Idol-worship, the worst enemy of sports

Source: The Hitavada      Date: 24 Sep 2017 09:09:29


TheRE used to be an old Sports Instructor in our school more than fifty-five years ago. He was a straight-forward, simple person totally dedicated to promoting sports among children. He played many games very well, and had won medals when he was young. Whenever he heard any one of us in the school’s hockey team talk of the hockey legends such as the world’s best centre forward Harbinder Singh or the world’s best goal-keeper Laxman or the world’s best flanker Bandu Patil, our ‘Sports Sir’ used to blast him: “I don’t want you to talk about those men. They are special, and you may not be able to match their capabilities. And that would frustrate you. That may reduce your passion. So, never think of those icons. First concentrate on what you are at this point and train well. Never, never copy the icons. That will not serve you well”.

That advice remained etched in the mind, helping us when we pursued various sporting disciplines subsequently during college years with reasonable success. The philosophy of our ‘Sports Sir’ worked wonders for most of us. As we grew older, we did develop role models in the sporting legends of the day. Yet, internally, we often told ourselves that we had to evolve as decent players by focusing on our own game and skill rather than looking at this or that icon.


Today, thanks to the excessive media coverage, every child has seen every legend in action. Every sports instructor or coach, too, gives ample examples of sporting icons to be emulated by kids. Our dear ‘Sports Sir’ often told us, “Never allow your focus to be altered just by looking at the icons. Remember, at one point, that iconic player, too, was a kid like you and worked hard to achieve a high level of excellence”.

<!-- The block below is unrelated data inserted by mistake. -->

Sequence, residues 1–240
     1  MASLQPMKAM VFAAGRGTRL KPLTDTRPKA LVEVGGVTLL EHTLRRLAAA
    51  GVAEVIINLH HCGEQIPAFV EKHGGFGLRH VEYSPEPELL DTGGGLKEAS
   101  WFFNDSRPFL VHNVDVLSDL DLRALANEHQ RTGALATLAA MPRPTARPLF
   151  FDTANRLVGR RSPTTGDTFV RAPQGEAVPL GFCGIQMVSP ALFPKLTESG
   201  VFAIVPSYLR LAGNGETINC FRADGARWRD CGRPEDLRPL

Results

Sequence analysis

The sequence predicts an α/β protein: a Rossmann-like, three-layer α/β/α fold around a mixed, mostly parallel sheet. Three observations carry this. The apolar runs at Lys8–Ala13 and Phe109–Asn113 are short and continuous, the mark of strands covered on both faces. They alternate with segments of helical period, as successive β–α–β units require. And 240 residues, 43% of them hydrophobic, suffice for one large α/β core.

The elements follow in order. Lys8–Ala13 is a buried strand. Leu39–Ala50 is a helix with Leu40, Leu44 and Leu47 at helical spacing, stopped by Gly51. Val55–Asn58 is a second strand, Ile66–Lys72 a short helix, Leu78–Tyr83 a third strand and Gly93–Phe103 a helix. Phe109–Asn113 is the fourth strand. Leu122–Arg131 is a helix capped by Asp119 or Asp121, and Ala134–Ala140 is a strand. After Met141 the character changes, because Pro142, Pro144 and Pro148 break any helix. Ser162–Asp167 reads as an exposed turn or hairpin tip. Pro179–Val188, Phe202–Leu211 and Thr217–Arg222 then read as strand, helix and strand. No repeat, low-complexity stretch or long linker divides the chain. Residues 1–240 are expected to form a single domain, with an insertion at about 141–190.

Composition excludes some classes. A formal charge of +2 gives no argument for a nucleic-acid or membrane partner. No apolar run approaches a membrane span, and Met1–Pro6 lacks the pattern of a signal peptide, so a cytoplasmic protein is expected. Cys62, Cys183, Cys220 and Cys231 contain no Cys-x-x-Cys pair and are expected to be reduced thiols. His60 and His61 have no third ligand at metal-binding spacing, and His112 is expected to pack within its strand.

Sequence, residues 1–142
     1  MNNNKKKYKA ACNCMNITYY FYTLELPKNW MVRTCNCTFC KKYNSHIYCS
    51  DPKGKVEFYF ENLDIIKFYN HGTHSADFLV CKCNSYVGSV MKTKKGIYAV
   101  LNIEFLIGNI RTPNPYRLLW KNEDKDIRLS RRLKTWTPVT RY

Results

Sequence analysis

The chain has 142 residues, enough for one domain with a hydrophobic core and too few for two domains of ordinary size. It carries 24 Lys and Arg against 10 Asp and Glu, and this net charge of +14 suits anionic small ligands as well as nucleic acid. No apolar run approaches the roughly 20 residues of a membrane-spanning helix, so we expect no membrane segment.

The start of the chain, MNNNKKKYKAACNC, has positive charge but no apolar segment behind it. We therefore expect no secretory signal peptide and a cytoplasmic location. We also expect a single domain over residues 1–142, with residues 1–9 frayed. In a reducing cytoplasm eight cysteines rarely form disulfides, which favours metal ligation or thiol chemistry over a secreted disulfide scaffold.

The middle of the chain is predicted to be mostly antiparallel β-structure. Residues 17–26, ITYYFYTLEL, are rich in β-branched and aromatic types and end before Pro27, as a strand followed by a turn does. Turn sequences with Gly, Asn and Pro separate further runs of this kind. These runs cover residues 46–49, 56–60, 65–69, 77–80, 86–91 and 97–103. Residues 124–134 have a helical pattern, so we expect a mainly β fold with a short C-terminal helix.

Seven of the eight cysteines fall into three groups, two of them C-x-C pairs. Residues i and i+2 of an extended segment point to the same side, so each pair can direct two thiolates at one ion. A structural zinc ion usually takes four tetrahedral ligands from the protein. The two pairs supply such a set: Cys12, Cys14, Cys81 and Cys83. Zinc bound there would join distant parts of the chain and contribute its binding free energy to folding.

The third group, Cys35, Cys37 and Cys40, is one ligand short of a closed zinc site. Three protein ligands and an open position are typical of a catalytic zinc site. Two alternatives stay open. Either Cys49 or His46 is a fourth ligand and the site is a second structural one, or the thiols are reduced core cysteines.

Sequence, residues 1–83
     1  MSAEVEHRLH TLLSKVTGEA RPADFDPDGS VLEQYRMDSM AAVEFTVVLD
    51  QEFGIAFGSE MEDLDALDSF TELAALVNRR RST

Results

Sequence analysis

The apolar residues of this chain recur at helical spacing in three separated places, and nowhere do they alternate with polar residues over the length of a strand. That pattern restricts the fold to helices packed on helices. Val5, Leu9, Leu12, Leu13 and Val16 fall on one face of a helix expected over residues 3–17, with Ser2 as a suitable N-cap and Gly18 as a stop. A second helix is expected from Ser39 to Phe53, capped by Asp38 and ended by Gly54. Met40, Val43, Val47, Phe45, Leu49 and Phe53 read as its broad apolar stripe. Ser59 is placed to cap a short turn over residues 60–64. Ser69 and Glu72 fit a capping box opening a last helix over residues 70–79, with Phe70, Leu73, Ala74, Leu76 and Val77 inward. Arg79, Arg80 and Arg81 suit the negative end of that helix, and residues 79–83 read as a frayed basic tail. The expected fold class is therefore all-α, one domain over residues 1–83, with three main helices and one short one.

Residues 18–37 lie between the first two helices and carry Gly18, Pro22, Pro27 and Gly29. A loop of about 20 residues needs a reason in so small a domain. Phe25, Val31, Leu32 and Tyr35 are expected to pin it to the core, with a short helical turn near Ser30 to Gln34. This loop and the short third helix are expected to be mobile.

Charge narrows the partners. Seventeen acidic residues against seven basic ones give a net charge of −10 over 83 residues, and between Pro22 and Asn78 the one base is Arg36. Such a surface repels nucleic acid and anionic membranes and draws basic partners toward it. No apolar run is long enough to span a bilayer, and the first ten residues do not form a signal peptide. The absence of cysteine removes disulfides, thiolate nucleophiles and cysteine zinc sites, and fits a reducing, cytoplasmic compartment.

How true!
Today, as kids talk of Sachin Tendulkar as a household name, they tend to see only the records broken or created by the great maestro. Most kids, however, do not remember the back-breaking work by the youngster whose name happened to be Sachin Tendulkar. Their outlook is clouded by Sachin’s tremendous popularity and his fantastic records and mind-boggling statistics. Their first tendency, therefore, is to copy Sachin so that they would traverse the same path as Sachin did.


Fundamentally, this militates against the principle of excellence as the most individual of planned action. The glitz and glamour that surround the name of Sachin Tendulkar often afflict the kid’s way of looking at things. So, by way of effort, what remains is only the style with little substance.


It was because of this reason that our ‘Sports Sir’ did not appreciate our mad followership of sporting icons. He often insisted that in sports the child has to evolve his or her own method of coping with the demand of the discipline. It is perfectly fine to seek inspiration from icons, but such an inspiration is more influenced by the glamour attached to
the icon’s fame. What matters most, our ‘Sports Sir’ said, was how the child copes with the demand of the moment out in the middle -- in any discipline.


Sunil Gavaskar had once told me, “Vijay, when a Malcolm Marshal bowls at you at 125 km an hour, you do not remember even your father’s name. It is only Malcolm versus Sunil. That’s all. Nothing else helps.”


This observation based on a legend’s own experience makes the right case with the right pitch. If we want our kids to do well in sports, do encourage them to seek inspiration from icons but without their glitz, without their records. Encourage the child to evolve his or her own system of self-inspiration. For, it is in that zone that icons are made.
All the best!